THE FIFTH COLUMNIST by P.M. Carpenter
I'm sure, at some point and probably numerous ones in the past, you've been asked a simple question by a small child about politics, a question about some term the child has just heard on the news, say, "the House." Is that like our house? the child inquires.
You smartly determine to keep your answer short and blissfully relevant to your auditor's level of comprehension; yet before long, you find yourself swimming in a hopeless explanatory morass of representative democracy; redistricting; the importance of state legislatures and political control of the state house -- oh Christ, another one?; the underlying corruption of corporate contributions and the urgency of public finance; and maybe even Speaker "Uncle" Joe Cannon's insufferable tyranny that, praise be, came to a rebellious end early last century.
The child, of course, wandered dazedly to the kitchen at "representative demo...." You screwed it up, big time; you forgot the essential component of "KISS," despite your initial determination to stay the course of short and simple.
It's an easy trap: What adults often take for granted, children find eerily, boringly abstract -- and that is precisely the lesson the White House has learned with respect to its heretofore health-care education of the "low information" electorate.
President "Obama started in the spring with the 'experts agenda,' " explained a professional health-care analyst to the Politico. "He talked about implementing health information technology, 'bending the cost curve' on health spending, reforming the health care delivery system and funneling more federal dollars into research comparing the effectiveness of medical treatments and procedures."
The result, said the analyst, was that "the whole debate drifted in a direction that was disconnected from the core concerns of the American people," not to mention their lay comprehension. Hence Congressional Democrats are now "fretting," reports the Politico, "that Obama has ceded the summer to critics who [don't use terms like 'bending the cost curve' and who have] packed town halls to shout at lawmakers."
Indeed, Democratic inhabitants of the original object of our discussion -- "the House" -- are now showering in panic. And for good reason. Late yesterday afternoon, for instance, Charlie Cook, of the respected Cook Political Report, found the political environment in need of this urgent update: "[T]he situation this summer has slipped completely out of control for President Obama and Congressional Democrats.... Many veteran Congressional election watchers, including Democratic ones, report an eerie sense of déjà vu, with a consensus forming that the chances of Democratic losses going higher than 20 seats is just as good as the chances of Democratic losses going lower than 20 seats."
The latest Gallup, Cook further cautioned, reveals that among independents -- Hello, Blue Dogs -- Congress' job disapproval rating now stands at a staggering 70 percent. Concluded Cook, "We believe it would be a mistake to underestimate the impact that this mood will have on Members of Congress of both parties when they return to Washington in September, if it persists through the end of the Congressional recess."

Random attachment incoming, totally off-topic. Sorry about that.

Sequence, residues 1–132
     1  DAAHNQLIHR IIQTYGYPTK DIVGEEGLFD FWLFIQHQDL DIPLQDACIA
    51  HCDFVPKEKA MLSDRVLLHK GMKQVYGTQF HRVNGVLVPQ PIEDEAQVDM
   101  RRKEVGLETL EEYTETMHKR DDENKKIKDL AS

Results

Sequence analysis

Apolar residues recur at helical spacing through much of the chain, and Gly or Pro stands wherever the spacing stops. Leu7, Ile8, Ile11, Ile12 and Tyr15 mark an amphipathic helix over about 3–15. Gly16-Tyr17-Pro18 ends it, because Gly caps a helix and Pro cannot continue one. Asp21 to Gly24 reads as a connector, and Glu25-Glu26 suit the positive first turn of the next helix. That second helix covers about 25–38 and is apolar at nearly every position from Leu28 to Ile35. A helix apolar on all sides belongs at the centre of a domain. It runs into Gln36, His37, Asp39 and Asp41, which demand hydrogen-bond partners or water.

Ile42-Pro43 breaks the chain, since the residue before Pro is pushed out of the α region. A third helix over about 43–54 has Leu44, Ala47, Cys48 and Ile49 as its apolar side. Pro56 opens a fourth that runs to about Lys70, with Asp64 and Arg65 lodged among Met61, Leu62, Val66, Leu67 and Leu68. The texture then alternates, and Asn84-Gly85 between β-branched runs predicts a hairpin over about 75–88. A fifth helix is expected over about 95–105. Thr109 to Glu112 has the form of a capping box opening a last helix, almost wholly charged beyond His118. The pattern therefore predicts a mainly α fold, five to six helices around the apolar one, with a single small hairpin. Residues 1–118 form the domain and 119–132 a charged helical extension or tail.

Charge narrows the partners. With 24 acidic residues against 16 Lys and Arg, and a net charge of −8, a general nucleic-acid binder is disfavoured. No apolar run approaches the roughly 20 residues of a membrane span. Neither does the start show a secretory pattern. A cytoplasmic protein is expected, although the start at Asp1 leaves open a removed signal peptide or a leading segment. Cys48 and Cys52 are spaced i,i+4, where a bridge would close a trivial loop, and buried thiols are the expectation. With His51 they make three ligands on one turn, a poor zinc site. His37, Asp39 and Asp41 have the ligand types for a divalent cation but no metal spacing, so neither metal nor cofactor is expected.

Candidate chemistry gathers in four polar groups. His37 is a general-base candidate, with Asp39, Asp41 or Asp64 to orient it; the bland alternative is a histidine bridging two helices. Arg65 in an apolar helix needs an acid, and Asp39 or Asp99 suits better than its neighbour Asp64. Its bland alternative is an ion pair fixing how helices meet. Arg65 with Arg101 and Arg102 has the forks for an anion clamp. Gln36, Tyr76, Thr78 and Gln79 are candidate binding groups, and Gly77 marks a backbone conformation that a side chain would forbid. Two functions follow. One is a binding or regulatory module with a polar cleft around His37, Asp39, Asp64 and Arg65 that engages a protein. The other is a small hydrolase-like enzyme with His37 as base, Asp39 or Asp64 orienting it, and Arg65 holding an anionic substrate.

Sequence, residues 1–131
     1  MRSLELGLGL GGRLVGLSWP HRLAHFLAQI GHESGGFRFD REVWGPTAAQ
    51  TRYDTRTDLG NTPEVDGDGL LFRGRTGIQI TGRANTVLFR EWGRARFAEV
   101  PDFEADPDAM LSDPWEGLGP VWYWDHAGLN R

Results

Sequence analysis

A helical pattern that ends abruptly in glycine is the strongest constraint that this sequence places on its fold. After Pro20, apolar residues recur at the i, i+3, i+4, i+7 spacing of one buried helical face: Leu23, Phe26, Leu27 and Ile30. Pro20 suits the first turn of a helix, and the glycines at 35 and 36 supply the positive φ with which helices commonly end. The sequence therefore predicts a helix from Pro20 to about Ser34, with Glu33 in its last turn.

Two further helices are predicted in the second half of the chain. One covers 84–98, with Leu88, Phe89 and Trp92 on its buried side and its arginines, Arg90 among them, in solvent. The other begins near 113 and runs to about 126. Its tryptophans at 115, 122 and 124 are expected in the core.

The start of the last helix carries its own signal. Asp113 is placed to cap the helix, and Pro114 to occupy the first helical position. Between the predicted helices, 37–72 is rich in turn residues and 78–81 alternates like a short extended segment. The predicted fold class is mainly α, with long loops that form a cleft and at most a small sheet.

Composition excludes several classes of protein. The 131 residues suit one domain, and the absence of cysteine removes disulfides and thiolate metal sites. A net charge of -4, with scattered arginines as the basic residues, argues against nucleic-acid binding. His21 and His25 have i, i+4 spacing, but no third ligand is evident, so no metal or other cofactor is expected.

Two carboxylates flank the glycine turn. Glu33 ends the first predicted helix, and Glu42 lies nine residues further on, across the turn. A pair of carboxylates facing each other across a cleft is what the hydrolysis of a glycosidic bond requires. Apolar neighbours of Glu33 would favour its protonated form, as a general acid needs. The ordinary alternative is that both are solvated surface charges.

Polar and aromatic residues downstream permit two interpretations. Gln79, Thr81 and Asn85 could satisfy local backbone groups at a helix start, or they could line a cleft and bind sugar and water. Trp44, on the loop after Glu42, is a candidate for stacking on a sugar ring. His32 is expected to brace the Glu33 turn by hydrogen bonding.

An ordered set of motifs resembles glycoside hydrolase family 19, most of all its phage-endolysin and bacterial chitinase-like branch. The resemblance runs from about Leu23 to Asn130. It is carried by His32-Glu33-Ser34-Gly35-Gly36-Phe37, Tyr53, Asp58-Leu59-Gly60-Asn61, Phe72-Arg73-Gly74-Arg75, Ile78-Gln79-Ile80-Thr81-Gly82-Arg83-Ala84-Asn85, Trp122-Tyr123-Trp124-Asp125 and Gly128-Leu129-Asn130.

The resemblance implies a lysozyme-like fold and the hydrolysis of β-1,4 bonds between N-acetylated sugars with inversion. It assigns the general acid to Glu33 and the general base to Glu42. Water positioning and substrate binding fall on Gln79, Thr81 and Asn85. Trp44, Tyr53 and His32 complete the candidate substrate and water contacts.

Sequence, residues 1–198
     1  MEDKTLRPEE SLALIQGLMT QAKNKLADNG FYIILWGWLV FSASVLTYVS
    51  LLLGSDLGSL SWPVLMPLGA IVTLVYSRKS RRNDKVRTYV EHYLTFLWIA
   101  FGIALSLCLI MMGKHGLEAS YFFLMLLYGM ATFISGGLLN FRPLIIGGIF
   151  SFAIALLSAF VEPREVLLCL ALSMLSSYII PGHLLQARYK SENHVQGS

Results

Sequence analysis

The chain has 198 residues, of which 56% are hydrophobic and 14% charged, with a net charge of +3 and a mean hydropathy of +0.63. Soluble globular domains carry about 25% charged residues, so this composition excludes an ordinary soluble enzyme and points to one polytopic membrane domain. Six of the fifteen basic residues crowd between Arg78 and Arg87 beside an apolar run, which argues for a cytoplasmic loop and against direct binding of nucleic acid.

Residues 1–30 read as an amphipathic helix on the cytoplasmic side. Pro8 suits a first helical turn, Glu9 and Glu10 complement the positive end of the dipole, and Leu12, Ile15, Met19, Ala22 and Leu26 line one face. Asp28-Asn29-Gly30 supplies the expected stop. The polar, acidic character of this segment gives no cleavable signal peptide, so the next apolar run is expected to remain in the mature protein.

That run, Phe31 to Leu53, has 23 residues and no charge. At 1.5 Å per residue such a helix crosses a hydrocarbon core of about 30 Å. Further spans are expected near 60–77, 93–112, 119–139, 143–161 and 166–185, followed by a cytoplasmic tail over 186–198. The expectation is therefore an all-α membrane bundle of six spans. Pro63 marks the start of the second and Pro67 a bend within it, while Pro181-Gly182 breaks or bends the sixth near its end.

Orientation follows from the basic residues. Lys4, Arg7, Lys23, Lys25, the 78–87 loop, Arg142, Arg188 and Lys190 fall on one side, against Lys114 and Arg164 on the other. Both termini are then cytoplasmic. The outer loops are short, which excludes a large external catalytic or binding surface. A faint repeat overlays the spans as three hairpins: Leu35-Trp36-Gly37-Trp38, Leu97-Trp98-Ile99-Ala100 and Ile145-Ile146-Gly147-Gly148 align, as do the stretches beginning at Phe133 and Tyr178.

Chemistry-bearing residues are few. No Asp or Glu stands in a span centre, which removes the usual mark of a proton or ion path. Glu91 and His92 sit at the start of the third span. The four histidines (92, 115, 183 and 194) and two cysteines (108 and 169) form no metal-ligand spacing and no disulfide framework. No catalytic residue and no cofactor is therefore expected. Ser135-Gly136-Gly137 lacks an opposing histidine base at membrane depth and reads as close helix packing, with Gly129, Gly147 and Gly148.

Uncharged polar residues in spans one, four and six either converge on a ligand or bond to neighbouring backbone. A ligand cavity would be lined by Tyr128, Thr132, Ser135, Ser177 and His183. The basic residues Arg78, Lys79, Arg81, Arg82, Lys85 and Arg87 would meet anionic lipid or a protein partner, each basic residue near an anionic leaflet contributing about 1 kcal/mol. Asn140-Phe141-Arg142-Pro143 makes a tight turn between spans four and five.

In what tangible form an appreciation of that mood takes is, at this point, just about anyone's guess, but there's no doubt that President Obama will take much of the heat for it.
The Senate, too, knows how to read polls, which is likely why its leadership tried making such a splash yesterday with warmed-over, yawning news it probably can't use. Reconciliation, blared the Wall Street Journal: "[S]eeing little chance of bipartisan support for their health-care overhaul, [Senate Democratic leaders] are considering a strategy shift that would break the legislation into two parts and pass the most expensive provisions solely with Democratic votes."
Here's where I feel like the child. Because, I mean, wait a minute -- You, you parliamentary-procedure experts of varying political persuasions, have been telling us for months that reconciliation is, you bet, perfectly doable, fundingwise; yet the procedure, you've always added, would strip the legislative guts of virtually everything being funded, which themselves would then require separate, filibustered votes. All funded up and no place to go. This would advance the cause -- how?
Anyway, even leadership talk of such a procedure gives at least the appearance of leadership action; a little jolt for the pro-reform troops' morale, out there in the embattled boondocks.
Could Obama's pedagogic leadership have been better? That's indisputable. Yet exactly how, is the tricky part. This White House was determined to avoid the strategic mistakes of the Clinton administration, such as delivering public lectures on our "moral obligation" to pass health-care reform and insure the uninsured. But, there it is, this week, raising just that argument, only because it needs a new approach, even an old one. Good luck. The insured -- the majority -- mostly don't give a damn.
But what the White House is fundamentally bucking is something that too many on the critical left refuse to acknowledge: This country, at its characteristic core, notwithstanding the retaliatory blip of the 2008 election, is a center-right nation. And it remains one because it won't listen to those boring adults who see a spectacular train wreck coming if we don't change our immature, uninformed ways.
Still, there is long-term hope, as framed by none other than that half-American foreigner Winston Churchill: You can always count on Americans to do the right thing, after they've exhausted every other possibility. On health care, we simply haven't exhausted all of them yet.
Please respond to P.M.'s commentary by leaving comments below and sharing them with the BuzzFlash community. For personal questions or comments you can contact him at email@example.com
THE FIFTH COLUMNIST by P.M. Carpenter